A perfect storm had been brewing in the construction industry for years. But advanced technologies, including augmented reality (AR) and virtual reality (VR), are emerging rays of sunshine.
On the one hand, the construction industry had struggled with the adoption of digital technologies. More than half the construction/engineering professionals surveyed for a 2018 study reported in an article titled CMAA: Construction's Still Lagging in Tech Adoption said their organization lacked a clear digital business vision. On the other hand, industries such as construction and manufacturing, are facing a shortage of skilled labor. Ninety-four percent of respondents in a survey for the 2019 USG + U.S. Chamber of Commerce Commercial Construction Index found that finding construction workers were either difficult (54 percent) or moderately difficult (40 percent).
Although such a combination of factors could spell trouble, the construction industry fortunately follows in manufacturing’s footsteps in accelerating its adoption of advanced technologies. The pandemic might have rebooted the narrative. Market Research Future Report predicts that the construction industry technology market’s size will exceed $2.7 billion (USD) by 2023.
AR and VR are two of the many advanced technologies that will work in concert with others, such as cloud-based building information modeling (BIM), artificial intelligence (AI), and machine learning (ML), to revolutionize how construction projects are designed and executed.
Here’s how AR and VR can help the construction (and manufacturing) industries do more with less.
Whereas the construction industry used to work with 2D blueprints, BIM delivers blueprints in 3D. It’s not just the 3D delivery format that’s exciting, it’s that BIM preserves the relationship between different design elements so when one changes, the others recalculate automatically. Newer versions of BIM also facilitate cloud-sharing so all stakeholders, including those involved in the approval process, can access the models, add their updates, and understand interdependencies. Construction industry professionals use AR to superimpose imagined/designed models against the real ones. Because AR allows users to overlay the ideal scenario over what’s on the ground, it’s easy to compare and contrast and see the missing pieces.
Engineers, for example, can detect where clashes between various elements occur and avoid them before the design process moves much further along. BIM models can also be exported into devices such as the Microsoft HoloLens for VR walkthroughs of models. Construction companies no longer need to build physical models of potential structures. Simply fit the client with a VR headset, and they can tour the site before it’s done. AR and VR help professionals save time and money, which is especially vital when large infrastructure projects are increasingly compressed and frequently short on funding.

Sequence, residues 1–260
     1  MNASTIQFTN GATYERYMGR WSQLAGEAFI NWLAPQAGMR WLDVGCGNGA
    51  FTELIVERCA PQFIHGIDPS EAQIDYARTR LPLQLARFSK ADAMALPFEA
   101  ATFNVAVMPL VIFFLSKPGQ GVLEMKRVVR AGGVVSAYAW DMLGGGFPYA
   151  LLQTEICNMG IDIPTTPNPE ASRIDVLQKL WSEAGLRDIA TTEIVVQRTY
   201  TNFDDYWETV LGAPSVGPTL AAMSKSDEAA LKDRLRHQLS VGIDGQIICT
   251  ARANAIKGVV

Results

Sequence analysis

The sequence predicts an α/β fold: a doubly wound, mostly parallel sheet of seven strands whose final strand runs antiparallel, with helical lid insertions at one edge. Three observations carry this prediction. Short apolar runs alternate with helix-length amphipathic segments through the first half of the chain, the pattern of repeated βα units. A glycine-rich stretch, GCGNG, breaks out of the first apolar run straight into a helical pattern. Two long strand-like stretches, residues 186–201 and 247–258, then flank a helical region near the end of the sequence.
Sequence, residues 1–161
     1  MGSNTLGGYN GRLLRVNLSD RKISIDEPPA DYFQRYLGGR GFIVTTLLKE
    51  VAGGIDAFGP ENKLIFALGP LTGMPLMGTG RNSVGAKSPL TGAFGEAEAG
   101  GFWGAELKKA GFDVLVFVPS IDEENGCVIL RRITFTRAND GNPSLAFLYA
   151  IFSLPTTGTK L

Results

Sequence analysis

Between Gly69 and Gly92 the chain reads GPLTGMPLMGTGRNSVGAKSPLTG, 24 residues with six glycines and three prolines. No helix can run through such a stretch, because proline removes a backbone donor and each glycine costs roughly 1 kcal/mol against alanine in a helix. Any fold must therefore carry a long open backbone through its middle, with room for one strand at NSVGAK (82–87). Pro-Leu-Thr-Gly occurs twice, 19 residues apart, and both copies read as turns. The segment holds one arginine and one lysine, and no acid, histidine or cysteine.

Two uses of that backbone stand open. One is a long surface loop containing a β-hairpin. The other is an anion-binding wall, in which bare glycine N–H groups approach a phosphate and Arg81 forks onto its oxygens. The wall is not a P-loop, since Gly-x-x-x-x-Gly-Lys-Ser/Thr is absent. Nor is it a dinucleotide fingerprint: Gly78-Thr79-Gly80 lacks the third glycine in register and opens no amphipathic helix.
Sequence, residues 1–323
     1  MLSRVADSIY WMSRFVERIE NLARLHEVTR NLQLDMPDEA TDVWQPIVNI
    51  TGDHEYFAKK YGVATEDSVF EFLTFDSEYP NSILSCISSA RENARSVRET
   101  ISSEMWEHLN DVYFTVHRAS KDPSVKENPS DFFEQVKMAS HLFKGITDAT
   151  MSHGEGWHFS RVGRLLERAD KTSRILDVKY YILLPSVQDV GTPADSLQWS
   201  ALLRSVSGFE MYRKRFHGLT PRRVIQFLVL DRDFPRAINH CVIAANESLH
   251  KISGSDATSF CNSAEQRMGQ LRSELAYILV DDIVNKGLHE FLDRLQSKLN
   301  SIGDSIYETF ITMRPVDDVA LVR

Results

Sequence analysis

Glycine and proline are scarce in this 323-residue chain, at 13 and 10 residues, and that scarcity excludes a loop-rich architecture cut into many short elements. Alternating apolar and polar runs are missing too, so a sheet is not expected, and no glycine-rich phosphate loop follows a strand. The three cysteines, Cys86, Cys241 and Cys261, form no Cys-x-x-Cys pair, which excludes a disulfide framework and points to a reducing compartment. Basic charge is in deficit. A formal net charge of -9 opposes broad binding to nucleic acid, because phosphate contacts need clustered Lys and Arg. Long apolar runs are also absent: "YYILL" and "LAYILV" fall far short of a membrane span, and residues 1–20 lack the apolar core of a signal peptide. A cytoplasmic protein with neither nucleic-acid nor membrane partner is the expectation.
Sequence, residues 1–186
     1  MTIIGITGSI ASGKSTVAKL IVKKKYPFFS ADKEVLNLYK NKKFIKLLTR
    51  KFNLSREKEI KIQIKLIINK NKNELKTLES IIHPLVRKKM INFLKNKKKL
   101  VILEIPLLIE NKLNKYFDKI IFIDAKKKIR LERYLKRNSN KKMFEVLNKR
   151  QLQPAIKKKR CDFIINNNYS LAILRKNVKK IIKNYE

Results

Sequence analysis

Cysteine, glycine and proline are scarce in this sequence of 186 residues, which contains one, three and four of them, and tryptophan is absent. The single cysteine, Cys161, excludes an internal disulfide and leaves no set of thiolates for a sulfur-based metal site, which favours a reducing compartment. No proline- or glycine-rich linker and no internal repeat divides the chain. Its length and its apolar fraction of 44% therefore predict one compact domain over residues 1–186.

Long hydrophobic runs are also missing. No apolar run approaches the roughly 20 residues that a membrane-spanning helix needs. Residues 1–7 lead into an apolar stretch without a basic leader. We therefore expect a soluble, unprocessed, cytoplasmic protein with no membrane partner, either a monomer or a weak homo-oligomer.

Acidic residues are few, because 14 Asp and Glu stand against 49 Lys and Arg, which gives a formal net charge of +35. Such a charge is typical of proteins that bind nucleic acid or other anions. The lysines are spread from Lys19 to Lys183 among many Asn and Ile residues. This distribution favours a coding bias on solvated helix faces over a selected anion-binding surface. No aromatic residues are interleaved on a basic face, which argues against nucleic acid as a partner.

Each construction site or manufacturing plant floor varies—and it can even change day-to-day. Understanding hazards and knowing how to deal with them is a crucial aspect of employee training. Although manufacturing and construction industries once had employees sit through endless days of training to understand how to work with the tools of the trade, training and hazard detection are getting smarter because of AR.
Instead of modeling every hazard scenario, employees can use tutorials through AR apps on mobile devices to walk through construction sites and be trained on what is and what isn’t hazardous. Employees can even dig deeper and click on pictures on the tablet to get more in-depth information about proper safety protocols to follow.
On the manufacturing plant floor, rugged mobile devices situated by machines can hold AR tutorials that train employees on proper operating procedures. Such live on-the-ground training helps workers understand how the various parts function while on the floor instead of being trained away from the action. Employees can also check off training steps and access digital versions of manuals if they need further information.
Skilled labor in both construction and manufacturing is in short supply. It’s also expensive. AR helps companies use expensive experts judiciously. When machines malfunction, workers on the plant floor can collaborate with remote experts through video calls on tablets and use AR apps to highlight problem areas. The expert and the worker can both be on the same page and troubleshoot more effectively. Companies save time and labor that might otherwise have been wasted in both costly machine downtime and having the expert travel to the location.
AR apps also help field service technicians connect to experts while on the road helping these technicians deliver better customer service. The end goal through these technologies is a decrease in time and improved outcomes while keeping costs low.
In both construction and manufacturing, AR and VR drive collaboration and increase accuracy in fields that have notoriously labored under the weight of antiquated systems. The low-hanging fruit–the switch from 2D to 3D, from pen and paper to electronic systems–is already underway. Expect AR and VR to play an even greater role in these industries, especially as black swan events such as the pandemic have highlighted the necessity of staying nimble despite the profound change.
Poornima Apte is an engineer turned writer with B2B specialties in robotics, AI, cybersecurity, smart technologies and digital transformation. Find her on Twitter @booksnfreshair.
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